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Delhi too costly for accused judges

Six former judges accused in the Ghaziabad Provident Fund scam,three of whom had retired from the Allahabad High Court

Written by Krishnadas Rajagopal | New Delhi |
October 29, 2010 5:08:39 am

Six former judges accused in the Ghaziabad Provident Fund scam,three of whom had retired from the Allahabad High Court,opposed the CBI’s push to transfer its trial to Delhi on Thursday with a singular argument that “lawyers in Delhi are too expensive”.

“Lawyers in Delhi wear expensive robes,” said RN Mishra,one of the six,while objecting to the agency’s move in the Supreme Court. The court reserved its final orders on the transfer plea.

Besides Mishra,the judges in question are R P Mishra,R P Yadav,A K Singh,R S Chaubey and Arun Kumar — all former district judges of the Ghaziabad District Court. They are facing trial for allegedly conspiring to fraudulently withdraw Rs 6.58 crore from the provident funds of their own class IV staffers at the district court.

The CBI chargesheet alleged that the judges used the scam money to procure “valuable things/services in the form of monthly ration,fruits,vegetables,sweets,jewellery,sarees,computers,televisions,refrigerators,washing machines,mobiles,crockery,taxi service,photo/video coverage of private functions and furniture”.

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Echoing Mishra’s concerns in court,Chaubey also retorted by stating that his pension is “too meagre for expensive Delhi lawyers”. Their anxiety,however,evoked a tongue-in-cheek response from Justice DK Jain,leading the three-judge Special Bench,who said: “Now,we can neither admit nor deny that,can we?”

“It’s not that superstars are going to trial. They can bring their own lawyers or have a common lawyer,” Attorney General GE Vahanvati,who was representating the CBI,remarked in response.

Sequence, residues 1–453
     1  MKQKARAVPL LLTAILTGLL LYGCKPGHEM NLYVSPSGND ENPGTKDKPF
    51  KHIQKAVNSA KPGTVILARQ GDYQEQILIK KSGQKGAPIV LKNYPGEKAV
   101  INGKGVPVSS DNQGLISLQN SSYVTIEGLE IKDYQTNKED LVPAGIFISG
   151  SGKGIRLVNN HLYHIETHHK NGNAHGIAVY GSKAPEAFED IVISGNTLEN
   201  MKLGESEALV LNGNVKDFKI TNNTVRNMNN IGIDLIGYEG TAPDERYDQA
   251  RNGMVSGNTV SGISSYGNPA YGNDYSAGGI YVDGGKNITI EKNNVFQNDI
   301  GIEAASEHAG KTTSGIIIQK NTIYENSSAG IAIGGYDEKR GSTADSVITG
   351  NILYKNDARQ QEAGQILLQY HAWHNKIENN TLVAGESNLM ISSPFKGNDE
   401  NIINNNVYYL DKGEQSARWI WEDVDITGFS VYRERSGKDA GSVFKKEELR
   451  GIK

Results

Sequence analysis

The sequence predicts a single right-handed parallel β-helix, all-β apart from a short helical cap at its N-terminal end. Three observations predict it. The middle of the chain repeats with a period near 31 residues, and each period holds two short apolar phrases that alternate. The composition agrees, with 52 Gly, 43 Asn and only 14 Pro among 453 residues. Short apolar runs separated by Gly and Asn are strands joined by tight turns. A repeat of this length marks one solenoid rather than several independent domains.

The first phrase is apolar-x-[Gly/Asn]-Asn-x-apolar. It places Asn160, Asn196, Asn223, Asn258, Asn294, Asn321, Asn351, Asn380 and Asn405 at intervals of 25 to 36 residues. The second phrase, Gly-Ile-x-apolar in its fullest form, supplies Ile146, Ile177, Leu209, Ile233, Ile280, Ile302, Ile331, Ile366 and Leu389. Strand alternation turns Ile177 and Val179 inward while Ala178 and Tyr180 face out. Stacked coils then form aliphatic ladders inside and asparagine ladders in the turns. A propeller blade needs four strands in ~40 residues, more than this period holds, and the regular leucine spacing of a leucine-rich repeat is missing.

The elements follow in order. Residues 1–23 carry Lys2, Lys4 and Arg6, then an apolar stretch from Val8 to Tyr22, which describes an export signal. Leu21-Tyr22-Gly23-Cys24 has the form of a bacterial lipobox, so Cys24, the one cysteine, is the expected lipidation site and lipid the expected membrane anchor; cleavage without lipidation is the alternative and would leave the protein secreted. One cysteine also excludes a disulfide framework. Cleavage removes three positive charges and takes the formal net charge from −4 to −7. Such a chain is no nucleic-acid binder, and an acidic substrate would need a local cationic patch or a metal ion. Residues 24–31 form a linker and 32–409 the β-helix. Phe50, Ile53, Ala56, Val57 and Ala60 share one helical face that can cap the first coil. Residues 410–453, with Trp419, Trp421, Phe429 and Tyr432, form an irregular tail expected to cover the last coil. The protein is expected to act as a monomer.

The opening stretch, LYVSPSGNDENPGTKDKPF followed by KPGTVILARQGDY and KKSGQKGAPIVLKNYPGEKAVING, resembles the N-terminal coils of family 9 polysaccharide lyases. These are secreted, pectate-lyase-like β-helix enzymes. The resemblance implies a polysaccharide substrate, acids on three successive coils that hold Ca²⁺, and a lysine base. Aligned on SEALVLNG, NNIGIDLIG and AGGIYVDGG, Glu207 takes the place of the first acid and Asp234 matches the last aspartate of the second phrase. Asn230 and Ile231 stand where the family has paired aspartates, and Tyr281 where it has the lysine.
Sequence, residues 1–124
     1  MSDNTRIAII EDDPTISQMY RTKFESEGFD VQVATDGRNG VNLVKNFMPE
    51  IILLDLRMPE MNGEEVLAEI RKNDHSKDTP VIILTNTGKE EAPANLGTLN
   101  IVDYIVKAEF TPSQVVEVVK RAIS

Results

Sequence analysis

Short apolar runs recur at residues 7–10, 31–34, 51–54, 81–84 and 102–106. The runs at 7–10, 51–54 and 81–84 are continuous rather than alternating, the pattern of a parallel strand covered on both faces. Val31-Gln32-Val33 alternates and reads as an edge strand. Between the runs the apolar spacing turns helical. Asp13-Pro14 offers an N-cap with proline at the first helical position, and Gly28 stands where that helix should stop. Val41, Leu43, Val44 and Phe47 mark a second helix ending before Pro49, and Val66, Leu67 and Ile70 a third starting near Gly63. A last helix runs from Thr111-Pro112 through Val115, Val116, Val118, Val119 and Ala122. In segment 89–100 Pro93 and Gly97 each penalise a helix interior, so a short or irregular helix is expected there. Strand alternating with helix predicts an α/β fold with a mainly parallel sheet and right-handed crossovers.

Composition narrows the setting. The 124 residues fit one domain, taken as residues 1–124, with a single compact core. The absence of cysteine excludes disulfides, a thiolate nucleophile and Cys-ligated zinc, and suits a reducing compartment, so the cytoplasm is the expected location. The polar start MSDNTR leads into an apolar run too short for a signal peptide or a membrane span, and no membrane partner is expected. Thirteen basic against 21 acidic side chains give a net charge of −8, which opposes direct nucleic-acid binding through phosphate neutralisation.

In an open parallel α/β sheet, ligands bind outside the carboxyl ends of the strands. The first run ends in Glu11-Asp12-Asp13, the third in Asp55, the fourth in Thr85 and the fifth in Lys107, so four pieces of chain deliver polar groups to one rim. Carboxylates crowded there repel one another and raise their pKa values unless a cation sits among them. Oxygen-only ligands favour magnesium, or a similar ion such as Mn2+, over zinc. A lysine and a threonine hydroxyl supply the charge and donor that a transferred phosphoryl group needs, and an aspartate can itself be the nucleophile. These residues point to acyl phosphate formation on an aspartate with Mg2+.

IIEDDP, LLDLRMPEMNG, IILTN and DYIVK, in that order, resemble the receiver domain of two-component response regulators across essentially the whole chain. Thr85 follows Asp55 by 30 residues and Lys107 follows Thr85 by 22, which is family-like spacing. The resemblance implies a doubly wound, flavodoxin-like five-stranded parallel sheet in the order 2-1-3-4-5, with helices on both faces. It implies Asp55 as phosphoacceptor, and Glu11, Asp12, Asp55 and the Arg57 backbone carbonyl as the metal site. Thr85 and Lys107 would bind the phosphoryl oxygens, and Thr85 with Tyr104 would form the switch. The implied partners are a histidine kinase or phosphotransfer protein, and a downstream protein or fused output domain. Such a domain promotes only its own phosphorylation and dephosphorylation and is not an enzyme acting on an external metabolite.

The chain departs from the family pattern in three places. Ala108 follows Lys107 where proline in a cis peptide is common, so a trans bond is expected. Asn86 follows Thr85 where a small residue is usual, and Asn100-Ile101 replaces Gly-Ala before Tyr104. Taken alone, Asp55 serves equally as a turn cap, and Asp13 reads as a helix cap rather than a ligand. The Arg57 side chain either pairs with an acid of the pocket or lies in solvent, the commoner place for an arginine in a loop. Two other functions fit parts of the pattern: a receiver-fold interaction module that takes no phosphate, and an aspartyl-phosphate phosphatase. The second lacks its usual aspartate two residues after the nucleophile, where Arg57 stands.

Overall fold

The AG told the Bench that their supposed complaints about ill-health and finding a decent place to stay in an “expensive city like Delhi” hardly match the need to hold the trial in a “neutral venue”.

“Every consideration should be taken to conduct the trial in a fair manner. This is a case,the first of its kind,in which judges are being tried and judges are witnesses,” Vahanvati submitted,adding,“I do not want to use the sensational language of a PIL lawyer,but let me say,here is a case where justice should not only be done,but also seen to be done. Today,your Lordships’ primary concern should be for the purity of the judicial administration.”

He said the CBI cannot bring itself to overlook the fear that a trial in Uttar Pradesh may witness “diversions against the paramount interest of justice”.

“Any judge trying the case would have,at some point,worked under the accused,” he pointed out. Besides this,the AG said that Delhi is “hardly 20 km” from Ghaziabad,where the trial is currently being held in a Special (CBI) court.

Responding to the CBI’s insinuation that a trial judge could be influenced,the accused judges said that such an act would go against their “moral fibre”. However,the Bench made it clear that it was not concerned with “moral fibre” but “normal possibilities” for ensuring a fair trial.

The judges figure among a total of 70 accused named in the case,and 13 judicial officers have been listed as witnesses. The chargesheet involves offences under 120-B (criminal conspiracy),cheating and forgery and Prevention of Corruption Act.

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First published on: 29-10-2010 at 05:08:39 am
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